Weekend Roundtable: Best & Worst Videogames Based on Movies or TV

Hollywood loves to cross-promote its movies and TV shows with videogame tie-ins, and the videogame industry loves to license movies and TV shows for their instant name-brand recognition. This seems like a match made in heaven. Yet, as anyone who’s played these things already knows, most licensed-based videogames suck. (Brian helped to explain why this keeps happening in a post last year.) Still, every once in a blue moon, a decent game will slip through. In today’s Roundtable, we look at some of the best and worst videogames we’ve played solely because they were based on properties we liked.

Daniel Hirshleifer

While the movie it was based on was nigh unwatchable, the ‘X-Men Origins: Wolverine‘ tie-in game (for the first solo film, not the upcoming new one) was actually a blast. It understood the appeal of the character: He rips everything to shreds. From that simple premise, the developers crafted a fun hack-and-slash game that wasn’t high art, but satisfied the basic gaming urge to kill people in mass quantities using adamantium claws that jut out of your hands. I can probably count on one hand the amount of movie tie-in games that are good at all, but this is the only one I can think of where the tie-in was better than the movie.

Adam Tyner (DVDTalk)

Whenever I’d visit my mom’s folks in the sleepy little town of York, South Carolina, I’d pass the time by attacking their Atari 2600. You’re already one step ahead of me: Yup, I’m complaining about the completely incomprehensible ‘E.T.‘ videogame. A cash-in hammered out by one developer in the space of a few weeks, ‘E.T.’ is notorious as one of the absolute worst videogames ever made. Heck, it’s frequently pointed to as ringing in the death knell for the industry in the early ’80s. Back in 1985 or whenever, I was blissfully unaware of all that, of course. All I knew was that I liked ‘E.T.’ the movie and had no friggin’ clue how to play this game. I just kept falling into pits and was pretty terrible at levitating out of ’em afterwards. I kind of wish Grandma and Grandpa’s copy had been dumped in that New Mexico landfill with the millions of other copies of this catastrophic failure.

As for the best game based on a movie, my kneejerk reaction is to point to ‘Spider-Man 2‘. Unlike most videogame tie-ins, which wind up being extremely linear, ‘Spider-Man 2’ was a sandbox game. It nailed the web-swinging mechanics so perfectly that it was a blast just flinging myself across the city and shrugging off the storyline. Add in some fairly epic boss battles, eight hojillion guest stars, Bruce Campbell (!) fielding all the snarky narration, and you’re looking at one of my very favorite games of that generation. Just try not to remind me about that stupid kid who keeps losing his balloon.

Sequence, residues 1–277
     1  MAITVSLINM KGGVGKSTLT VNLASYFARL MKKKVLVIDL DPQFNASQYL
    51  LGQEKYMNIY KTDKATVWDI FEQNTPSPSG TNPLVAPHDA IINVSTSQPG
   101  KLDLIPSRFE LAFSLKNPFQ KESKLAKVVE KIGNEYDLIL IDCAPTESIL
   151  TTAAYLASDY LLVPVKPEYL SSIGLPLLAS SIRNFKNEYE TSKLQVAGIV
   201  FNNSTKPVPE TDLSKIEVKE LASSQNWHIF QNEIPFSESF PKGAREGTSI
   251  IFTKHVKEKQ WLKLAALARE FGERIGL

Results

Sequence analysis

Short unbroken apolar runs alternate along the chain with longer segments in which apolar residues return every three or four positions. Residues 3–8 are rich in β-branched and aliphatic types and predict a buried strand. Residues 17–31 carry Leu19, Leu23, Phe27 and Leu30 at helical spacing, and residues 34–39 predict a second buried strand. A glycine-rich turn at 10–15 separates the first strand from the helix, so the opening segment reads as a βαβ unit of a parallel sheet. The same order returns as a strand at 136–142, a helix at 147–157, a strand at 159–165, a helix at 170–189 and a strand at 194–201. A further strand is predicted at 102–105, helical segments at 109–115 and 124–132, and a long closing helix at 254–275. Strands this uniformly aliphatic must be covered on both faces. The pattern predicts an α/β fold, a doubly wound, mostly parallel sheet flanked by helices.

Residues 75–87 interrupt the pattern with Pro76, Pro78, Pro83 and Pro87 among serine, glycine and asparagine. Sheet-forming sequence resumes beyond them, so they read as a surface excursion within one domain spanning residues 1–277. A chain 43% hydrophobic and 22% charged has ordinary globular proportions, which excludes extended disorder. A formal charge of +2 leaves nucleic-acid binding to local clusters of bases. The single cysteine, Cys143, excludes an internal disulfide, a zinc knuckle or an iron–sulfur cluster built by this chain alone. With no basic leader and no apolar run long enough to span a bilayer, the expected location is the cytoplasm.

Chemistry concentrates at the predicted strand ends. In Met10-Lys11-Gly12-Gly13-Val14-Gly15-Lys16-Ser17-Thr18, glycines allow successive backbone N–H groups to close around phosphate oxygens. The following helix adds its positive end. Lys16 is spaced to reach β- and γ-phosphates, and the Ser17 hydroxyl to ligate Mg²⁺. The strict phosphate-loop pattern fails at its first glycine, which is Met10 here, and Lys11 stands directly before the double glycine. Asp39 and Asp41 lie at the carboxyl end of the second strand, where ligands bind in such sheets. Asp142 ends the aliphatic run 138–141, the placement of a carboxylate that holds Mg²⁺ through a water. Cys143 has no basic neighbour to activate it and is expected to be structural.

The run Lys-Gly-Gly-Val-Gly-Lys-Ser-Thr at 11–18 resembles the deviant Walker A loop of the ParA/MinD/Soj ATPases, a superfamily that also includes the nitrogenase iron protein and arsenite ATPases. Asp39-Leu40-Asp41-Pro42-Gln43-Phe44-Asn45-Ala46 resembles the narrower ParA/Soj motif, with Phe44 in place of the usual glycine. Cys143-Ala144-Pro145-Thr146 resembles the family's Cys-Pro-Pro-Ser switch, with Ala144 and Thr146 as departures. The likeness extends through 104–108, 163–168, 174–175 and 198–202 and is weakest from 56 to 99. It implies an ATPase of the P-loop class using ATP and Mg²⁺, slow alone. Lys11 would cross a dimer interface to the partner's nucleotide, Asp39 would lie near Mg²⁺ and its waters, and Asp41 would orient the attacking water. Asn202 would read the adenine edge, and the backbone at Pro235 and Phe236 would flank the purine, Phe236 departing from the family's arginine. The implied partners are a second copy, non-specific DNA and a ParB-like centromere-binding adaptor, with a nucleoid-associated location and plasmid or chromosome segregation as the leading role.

Wayne Rowe

What is the best or worst licensed property videogame I’ve played? Well, personally, I’m not sure I’ve played many of these sorts of games. In fact, I had to double check with a good pal in the industry to make sure I was even considering titles that fell under the category of “licensed properties.” Once I had my head on straight, I realized that I haven’t played many because they have, for the most part, all looked absolutely awful. Or at the very least, been universally panned. That said, I really wanted to mention the Lego games. The first ‘Lego Star Wars’ game was great. However, my absolutely favorite was the first ‘Lego Indiana Jones‘. It truly followed the movies, including all of the great John Williams music. I must have spent days playing it over and over again.

Brian Hoss

Worst: On its face, ‘Transformers: Revenge of the Fallen‘ is not the worst movie tie-in game ever, but looks don’t always meet the eye. About halfway through the otherwise crummy tie-in to an insubstantial film, you have a series of missions where, playing as Bumblebee, you have to protect Megan Fox’s character, Mikaela. That pretty much breaks down into attempting to fight a dozen generic Decepticons while Mikaela hides in a warehouse whining and ultimately berating you. Worst movie tie-in game, ever.